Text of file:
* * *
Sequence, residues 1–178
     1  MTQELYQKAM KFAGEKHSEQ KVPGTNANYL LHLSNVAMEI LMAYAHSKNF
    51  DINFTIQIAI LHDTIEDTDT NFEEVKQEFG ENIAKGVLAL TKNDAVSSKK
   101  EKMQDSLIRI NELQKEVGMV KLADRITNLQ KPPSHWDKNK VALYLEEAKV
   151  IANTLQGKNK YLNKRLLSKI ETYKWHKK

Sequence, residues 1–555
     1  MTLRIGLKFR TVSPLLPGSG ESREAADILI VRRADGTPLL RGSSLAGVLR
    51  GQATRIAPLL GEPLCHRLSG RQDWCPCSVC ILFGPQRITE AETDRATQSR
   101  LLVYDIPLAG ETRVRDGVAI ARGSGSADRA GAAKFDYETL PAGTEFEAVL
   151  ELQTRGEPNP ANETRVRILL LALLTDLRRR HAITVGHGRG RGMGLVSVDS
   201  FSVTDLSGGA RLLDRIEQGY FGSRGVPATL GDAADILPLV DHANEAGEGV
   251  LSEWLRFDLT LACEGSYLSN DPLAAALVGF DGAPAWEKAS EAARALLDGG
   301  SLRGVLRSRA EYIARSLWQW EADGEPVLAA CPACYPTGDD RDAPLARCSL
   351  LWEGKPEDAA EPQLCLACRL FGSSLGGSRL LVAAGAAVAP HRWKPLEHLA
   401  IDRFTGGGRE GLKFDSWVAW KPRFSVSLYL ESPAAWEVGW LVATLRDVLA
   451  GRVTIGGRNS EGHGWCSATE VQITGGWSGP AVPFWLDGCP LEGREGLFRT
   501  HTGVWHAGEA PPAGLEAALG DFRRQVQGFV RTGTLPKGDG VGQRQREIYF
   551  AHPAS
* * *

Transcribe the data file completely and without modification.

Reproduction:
Sequence, residues 1–178
     1  MTQELYQKAM KFAGEKHSEQ KVPGTNANYL LHLSNVAMEI LMAYAHSKNF
    51  DINFTIQIAI LHDTIEDTDT NFEEVKQEFG ENIAKGVLAL TKNDAVSSKK
   101  EKMQDSLIRI NELQKEVGMV KLADRITNLQ KPPSHWDKNK VALYLEEAKV
   151  IANTLQGKNK YLNKRLLSKI ETYKWHKK

Sequence, residues 1–555
     1  MTLRIGLKFR TVSPLLPGSG ESREAADILI VRRADGTPLL RGSSLAGVLR
    51  GQATRIAPLL GEPLCHRLSG RQDWCPCSVC ILFGPQRITE AETDRATQSR
   101  LLVYDIPLAG ETRVRDGVAI ARGSGSADRA GAAKFDYETL PAGTEFEAVL
   151  ELQTRGEPNP ANETRVRILL LALLTDLRRR HAITVGHGRG RGMGLVSVDS
   201  FSVTDLSGGA RLLDRIEQGY FGSRGVPATL GDAADILPLV DHANEAGEGV
   251  LSEWLRFDLT LACEGSYLSN DPLAAALVGF DGAPAWEKAS EAARALLDGG
   301  SLRGVLRSRA EYIARSLWQW EADGEPVLAA CPACYPTGDD RDAPLARCSL
   351  LWEGKPEDAA EPQLCLACRL FGSSLGGSRL LVAAGAAVAP HRWKPLEHLA
   401  IDRFTGGGRE GLKFDSWVAW KPRFSVSLYL ESPAAWEVGW LVATLRDVLA
   451  GRVTIGGRNS EGHGWCSATE VQITGGWSGP AVPFWLDGCP LEGREGLFRT
   501  HTGVWHAGEA PPAGLEAALG DFRRQVQGFV RTGTLPKGDG VGQRQREIYF
   551  AHPAS